Saturday, September 23, 2023

Cooperative societies could help accelerate economic development

Cooperatives have been found to provide many benefits to communities and have a significant positive impact on the economy hence the need for their revival in most developing countries including Botswana. Globally, the cooperatives’ societies movement employed over 100 million people with a turnover of US$3 billion as at the end of 2013.

In a 2014 white paper, Jessica Gordon Nembhard explained that cooperatives are community-owned enterprises that combine consumers with owners, and buyers with sellers in a democratic governance structure. Cooperatives solve the general economic conundrum of under or over production, business uncertainty, and excessive costs.

Cooperatives address market failure and fill gaps that other private business ignore such as provision of rural electricity or other utilities in sparsely populated areas, provision of affordable healthy and organic foods; access to affordable credit and banking services, affordable housing, to quality affordable child or elder care and markets for culturally sensitive goods and arts.

The author notes that the economic activity of the 30 000 cooperatives in the United States of America contributes an estimated US$154 billion to the nation’s total income. Cooperative businesses have lower failure rates than traditional and small businesses, after the first year of startup, and after five years in business. About 10 percent of cooperatives fail after the first year while 60-80 percent of traditional businesses fail after the first year. After five years, 90 percent of cooperatives are still in business while only three to five percent of traditional businesses are still operating after five years.

This is often because of the many people involved in starting up a cooperative and the high level of community support for the cooperatives.

Cooperative businesses stabilise communities as they are community-based business anchors, and recycle and multiply local expertise and capital within a community. They pool limited resources to achieve a critical mass. They enable their owners to generate income, jobs and accumulate assets, provide affordable, quality goods and services and develop human and social capital, as well as economic independence.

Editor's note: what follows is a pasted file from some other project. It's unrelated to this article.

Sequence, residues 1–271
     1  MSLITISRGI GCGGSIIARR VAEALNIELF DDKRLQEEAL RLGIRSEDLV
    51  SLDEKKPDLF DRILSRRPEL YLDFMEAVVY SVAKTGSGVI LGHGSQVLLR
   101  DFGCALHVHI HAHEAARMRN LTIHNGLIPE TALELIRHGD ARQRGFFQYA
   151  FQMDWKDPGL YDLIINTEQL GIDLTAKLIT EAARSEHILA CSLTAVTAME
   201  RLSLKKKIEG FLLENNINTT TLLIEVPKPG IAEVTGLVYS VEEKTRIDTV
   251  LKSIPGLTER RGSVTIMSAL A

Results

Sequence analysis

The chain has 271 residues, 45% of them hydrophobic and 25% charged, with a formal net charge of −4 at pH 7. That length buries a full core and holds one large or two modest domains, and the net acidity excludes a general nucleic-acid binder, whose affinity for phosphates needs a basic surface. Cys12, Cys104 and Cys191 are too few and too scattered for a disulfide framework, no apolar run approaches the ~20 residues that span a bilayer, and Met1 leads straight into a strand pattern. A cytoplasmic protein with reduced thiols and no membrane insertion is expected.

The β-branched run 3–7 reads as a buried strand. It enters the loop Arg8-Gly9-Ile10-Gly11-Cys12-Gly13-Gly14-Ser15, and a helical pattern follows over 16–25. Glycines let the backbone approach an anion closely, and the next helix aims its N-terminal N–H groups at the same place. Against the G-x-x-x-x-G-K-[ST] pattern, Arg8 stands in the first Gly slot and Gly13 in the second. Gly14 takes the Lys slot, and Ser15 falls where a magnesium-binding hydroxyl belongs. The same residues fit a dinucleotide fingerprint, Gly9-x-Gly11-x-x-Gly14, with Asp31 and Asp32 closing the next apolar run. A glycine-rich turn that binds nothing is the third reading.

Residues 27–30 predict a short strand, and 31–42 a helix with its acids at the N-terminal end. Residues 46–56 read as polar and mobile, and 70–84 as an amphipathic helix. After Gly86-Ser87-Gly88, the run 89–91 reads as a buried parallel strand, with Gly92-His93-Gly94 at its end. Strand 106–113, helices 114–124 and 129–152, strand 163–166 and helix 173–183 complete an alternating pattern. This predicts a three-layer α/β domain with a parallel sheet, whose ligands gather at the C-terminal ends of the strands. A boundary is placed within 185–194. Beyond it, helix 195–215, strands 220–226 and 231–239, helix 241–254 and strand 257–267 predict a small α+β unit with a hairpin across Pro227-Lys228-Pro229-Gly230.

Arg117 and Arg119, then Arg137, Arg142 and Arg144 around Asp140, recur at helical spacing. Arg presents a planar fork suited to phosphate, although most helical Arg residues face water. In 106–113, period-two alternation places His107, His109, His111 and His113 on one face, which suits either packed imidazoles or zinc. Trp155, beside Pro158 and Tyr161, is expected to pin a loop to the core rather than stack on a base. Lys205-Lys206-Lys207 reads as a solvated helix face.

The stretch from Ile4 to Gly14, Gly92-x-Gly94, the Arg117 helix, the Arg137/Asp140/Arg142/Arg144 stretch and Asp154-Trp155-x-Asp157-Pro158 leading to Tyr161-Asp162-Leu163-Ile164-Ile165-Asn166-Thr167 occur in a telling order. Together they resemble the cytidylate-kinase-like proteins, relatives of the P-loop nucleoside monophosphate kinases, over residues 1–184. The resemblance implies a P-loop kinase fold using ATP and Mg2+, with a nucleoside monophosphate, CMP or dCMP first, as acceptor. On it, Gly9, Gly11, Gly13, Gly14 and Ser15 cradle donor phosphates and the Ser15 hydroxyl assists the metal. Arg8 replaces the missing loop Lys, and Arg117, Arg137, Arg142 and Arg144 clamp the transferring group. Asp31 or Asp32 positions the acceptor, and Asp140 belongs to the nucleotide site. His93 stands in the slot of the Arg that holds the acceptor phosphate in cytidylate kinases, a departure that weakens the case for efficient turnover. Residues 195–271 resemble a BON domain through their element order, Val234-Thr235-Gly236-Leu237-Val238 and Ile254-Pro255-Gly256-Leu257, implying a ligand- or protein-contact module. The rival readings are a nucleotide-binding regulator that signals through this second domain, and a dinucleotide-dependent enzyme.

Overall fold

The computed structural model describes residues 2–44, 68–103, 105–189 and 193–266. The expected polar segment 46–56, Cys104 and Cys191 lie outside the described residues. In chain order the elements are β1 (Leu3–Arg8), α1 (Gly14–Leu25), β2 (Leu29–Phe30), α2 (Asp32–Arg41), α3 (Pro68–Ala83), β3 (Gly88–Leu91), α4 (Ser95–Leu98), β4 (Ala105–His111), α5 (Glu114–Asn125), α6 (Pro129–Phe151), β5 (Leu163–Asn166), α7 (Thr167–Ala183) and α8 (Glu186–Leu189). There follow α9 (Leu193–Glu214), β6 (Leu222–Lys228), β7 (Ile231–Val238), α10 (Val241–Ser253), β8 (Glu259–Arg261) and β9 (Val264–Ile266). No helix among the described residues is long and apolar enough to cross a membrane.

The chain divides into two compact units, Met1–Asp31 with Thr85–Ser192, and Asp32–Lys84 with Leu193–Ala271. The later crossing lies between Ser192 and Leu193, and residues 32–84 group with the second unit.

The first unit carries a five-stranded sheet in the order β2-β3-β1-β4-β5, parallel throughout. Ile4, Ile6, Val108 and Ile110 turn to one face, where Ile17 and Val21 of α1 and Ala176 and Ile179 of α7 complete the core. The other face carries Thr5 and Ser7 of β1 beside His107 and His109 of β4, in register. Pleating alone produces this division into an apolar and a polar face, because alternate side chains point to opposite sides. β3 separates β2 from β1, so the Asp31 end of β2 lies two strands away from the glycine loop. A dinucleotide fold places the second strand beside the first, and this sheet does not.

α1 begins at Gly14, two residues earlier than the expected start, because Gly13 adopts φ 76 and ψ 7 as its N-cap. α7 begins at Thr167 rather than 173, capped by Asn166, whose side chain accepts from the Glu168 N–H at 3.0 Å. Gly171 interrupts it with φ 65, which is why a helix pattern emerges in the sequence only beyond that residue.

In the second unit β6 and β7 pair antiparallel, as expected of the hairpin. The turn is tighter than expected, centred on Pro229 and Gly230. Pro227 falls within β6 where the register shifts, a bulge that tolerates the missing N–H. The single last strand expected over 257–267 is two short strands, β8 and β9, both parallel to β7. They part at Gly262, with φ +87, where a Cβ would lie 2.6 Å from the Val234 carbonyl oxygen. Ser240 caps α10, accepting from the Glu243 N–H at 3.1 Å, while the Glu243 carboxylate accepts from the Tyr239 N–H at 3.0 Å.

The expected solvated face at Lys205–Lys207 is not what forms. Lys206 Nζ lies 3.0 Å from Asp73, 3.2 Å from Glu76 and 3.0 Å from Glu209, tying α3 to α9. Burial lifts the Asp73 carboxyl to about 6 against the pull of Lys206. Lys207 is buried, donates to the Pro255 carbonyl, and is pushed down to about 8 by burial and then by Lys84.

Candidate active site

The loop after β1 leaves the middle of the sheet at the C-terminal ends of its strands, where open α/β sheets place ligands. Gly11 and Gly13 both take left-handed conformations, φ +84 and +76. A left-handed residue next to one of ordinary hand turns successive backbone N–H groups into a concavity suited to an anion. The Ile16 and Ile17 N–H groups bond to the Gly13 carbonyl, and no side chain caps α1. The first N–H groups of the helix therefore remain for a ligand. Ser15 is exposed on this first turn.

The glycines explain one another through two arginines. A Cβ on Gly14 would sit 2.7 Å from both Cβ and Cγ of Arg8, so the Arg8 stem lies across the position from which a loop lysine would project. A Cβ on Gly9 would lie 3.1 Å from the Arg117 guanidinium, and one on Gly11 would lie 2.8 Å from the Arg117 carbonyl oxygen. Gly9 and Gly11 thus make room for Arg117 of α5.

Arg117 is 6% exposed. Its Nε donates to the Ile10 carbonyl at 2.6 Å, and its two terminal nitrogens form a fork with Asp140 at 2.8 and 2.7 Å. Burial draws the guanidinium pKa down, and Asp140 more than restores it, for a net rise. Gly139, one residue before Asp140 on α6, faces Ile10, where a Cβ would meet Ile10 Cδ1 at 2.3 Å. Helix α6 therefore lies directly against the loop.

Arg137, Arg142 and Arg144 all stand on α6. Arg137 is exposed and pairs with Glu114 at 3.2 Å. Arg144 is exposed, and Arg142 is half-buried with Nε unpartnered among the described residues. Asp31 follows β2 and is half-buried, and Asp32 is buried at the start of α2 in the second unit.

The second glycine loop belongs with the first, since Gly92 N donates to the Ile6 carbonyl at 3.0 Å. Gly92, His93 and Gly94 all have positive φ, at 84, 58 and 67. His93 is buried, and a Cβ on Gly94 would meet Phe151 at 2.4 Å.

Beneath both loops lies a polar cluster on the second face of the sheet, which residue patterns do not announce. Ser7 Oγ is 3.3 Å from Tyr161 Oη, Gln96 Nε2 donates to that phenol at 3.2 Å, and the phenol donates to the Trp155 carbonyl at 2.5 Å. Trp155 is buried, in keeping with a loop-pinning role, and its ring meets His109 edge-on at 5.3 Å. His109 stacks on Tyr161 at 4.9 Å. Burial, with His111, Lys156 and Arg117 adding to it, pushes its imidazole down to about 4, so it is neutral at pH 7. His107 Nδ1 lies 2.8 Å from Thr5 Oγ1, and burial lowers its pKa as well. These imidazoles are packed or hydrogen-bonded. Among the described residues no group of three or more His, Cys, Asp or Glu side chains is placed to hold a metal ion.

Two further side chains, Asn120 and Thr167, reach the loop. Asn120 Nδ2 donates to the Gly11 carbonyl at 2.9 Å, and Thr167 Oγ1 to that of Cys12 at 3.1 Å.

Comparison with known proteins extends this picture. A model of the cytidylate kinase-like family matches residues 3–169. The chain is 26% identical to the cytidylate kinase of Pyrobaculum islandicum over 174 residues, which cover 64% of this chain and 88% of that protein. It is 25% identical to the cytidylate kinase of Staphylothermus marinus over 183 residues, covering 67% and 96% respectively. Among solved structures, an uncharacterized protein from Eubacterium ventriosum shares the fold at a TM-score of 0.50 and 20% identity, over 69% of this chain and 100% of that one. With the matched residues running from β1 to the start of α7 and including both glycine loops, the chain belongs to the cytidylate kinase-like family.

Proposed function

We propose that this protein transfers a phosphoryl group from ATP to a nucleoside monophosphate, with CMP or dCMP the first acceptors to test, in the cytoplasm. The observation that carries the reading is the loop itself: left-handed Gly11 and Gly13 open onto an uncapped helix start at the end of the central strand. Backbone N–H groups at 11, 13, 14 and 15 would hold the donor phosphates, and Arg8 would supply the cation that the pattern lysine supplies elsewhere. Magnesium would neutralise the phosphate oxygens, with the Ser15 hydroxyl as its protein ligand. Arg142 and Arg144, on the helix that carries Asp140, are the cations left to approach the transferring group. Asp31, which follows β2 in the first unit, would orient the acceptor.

In addition, cooperative enterprises and their members pay taxes, and are good citizens by giving donations to their communities, paying their employees fairly and using sustainable practices.

Since most cooperatives are owned and controlled by local residents, they have a vested interest in and more likely to promote community growth than an investor-oriented firms controlled by non-local investors.

Cooperatives are more likely to ensure their objectives within the community are met and are interested in promoting community economic development. Many non-agricultural cooperatives are created to serve a local need and so the objectives set by their members may not include profit maximisation at the firm level. The objectives are usually more needs oriented, therefore cooperatives may be more likely to grow as fast as possible, which may lead them to outgrow the community and relocate to a place where the supply of labour is larger and other inputs can be more easily and efficiently obtained.

Cooperatives are oriented to solving local problems by organising local people into stable organisations, and they have an explicit mission to keep funding, distribution of benefits and responsibility and accountability in local users’ hands. They also aggregate people, resources and capital into economic units that overcome the historic barriers to development.

In addition evidence shows that cooperatives address the effects of crises and survive crises better than other types of enterprises. Cooperatives are collective problem solvers. Their start-up costs are often low because cooperatives are eligible to apply for loans and grants from a number of state agencies designed to promote cooperatives development. There are also other non-governmental financial institutions like cooperative banks that provide relatively low cost loans to cooperatives either because they have been established to assist cooperatives and non-profit firms.